New research suggests Tutankhamun died from genetic weakness caused by family inbreeding

Last year, scientists announced that they had finally solved the mystery of King Tutankhamun’s death after 3,300 years. The boy king, they claimed, died after being struck by a speeding chariot. However, a new ‘virtual autopsy’ of the world-famous pharaoh has revealed that serious genetic physical impairments would have made riding a chariot impossible, and instead suggest that Tutankhamun succumbed to genetic impairments that were caused by the fact that his parents were brother and sister.   

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The great and powerful Xiongnu

Between approximately 300 BC and 450 AD, there existed a nomadic group known as the Xiongnu. Their ethnic identity has been greatly contested, but they were a very powerful tribal confederation that were considered a great threat to China. In fact, it was their repeated invasions that prompted the small kingdoms of North China to begin erecting barriers, in what later became the Great Wall of China. 

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Archaeologists uncover 1300-year-old ski in Norway

The melting of the long-frozen snow and ice in Norway, and elsewhere around the world, has already yielded numerous ancient artifacts, from hunting tools to goat-skin leggings, shoes, and even Otzi the Iceman, the remains of a man who lived more than 5,000 years ago. Now archaeologists have recovered an ancient ski complete with its binding, believed to date back some 1,300 years.

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Salem Witch Trial hysteria and the courageous stance of Giles Corey

On 19th September, 1692 AD, Giles Corey was pressed to death after refusing to plead in the Salem witch trials of Massachusetts, a method of torture in which heavy stones were placed one by one on the stomach and chest, in an effort to force him to plea either guilty or not guilty. Giles is famously known for crying out “more weight” instead of giving into the farcical witch trials. He died after two days. Since Corey refused to plead, he died in full possession of his estate, which would otherwise have been forfeited to the government. It passed on to his two sons-in-law, in accordance with his will.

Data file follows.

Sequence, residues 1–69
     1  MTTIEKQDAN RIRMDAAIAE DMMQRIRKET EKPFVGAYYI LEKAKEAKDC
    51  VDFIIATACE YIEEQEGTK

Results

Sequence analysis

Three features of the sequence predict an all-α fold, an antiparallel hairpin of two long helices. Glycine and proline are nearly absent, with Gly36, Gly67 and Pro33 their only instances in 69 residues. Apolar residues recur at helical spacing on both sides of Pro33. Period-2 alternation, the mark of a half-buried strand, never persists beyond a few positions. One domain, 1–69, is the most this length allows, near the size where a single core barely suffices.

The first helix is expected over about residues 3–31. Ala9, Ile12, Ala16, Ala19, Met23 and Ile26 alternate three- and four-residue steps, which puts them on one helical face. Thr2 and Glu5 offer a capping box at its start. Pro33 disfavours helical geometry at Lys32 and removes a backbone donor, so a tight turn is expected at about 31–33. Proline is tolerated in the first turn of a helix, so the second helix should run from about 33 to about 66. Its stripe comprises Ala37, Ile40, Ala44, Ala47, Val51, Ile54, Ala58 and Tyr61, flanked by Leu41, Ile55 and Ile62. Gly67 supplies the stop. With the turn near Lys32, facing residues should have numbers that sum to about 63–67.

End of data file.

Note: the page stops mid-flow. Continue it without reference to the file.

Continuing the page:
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In Search of Helen of Troy

Her face was the face that launched a thousand ships. Considered to have been the most beautiful woman in the world, Helen would be seduced by the Trojan prince, Paris and travel to his homeland of Troy. But did Helen, or a historical representation of Helen really exist, or is she a mere legend?  Guest author Petros Koutoupis explores a curious Hittite document that may lead to some answers.

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Unique 3,000-year-old Sanxingdui artifacts to be revealed in all their glory

The discovery of the Sanxingdui artifacts shocked the world, and reflected an artistic style that was completely unknown in the history of Chinese art. Only the contents of two solitary pits represent the immemorial and brilliant civilisation of the Shu – no other artifacts like them have ever been found since. Now the stunning relics will be revealed in all their glory in a new exhibition ‘China’s Lost Civilization: The Mystery of Sanxingdui’, which includes more than 100 ancient pieces, some never seen outside China. 

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The puzzling case of the Atacama Giant

The Atacama Giant is the largest known geoglyph on the planet. It is also one of the most puzzling. While the other Atacama geoglyphs reflect realistic animal representations, as well as geometric shapes, the giant is an anthropomorphic figure with a square head and lines coming out from the top and sides of its head. There has been no shortage of explanations and theories to account for the strange features of this enormous geoglyph, but we are really no closer to knowing what it depicts and what purpose it served. 

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The Mystery of the Roman Tunnels of Baiae

A complex underground tunnel system uncovered in Baiae, Italy, has been interpreted as the site of one of the most famous oracles - the Cumaean Sibyl, meaning the prophetess, who was said have lived in a cave in the Phlegraean Fields, the area where the tunnel was found. According to legend, she had the power of prophesy, and scribbled the future of Rome on oak leaves scattered at the entrance of her cave. 

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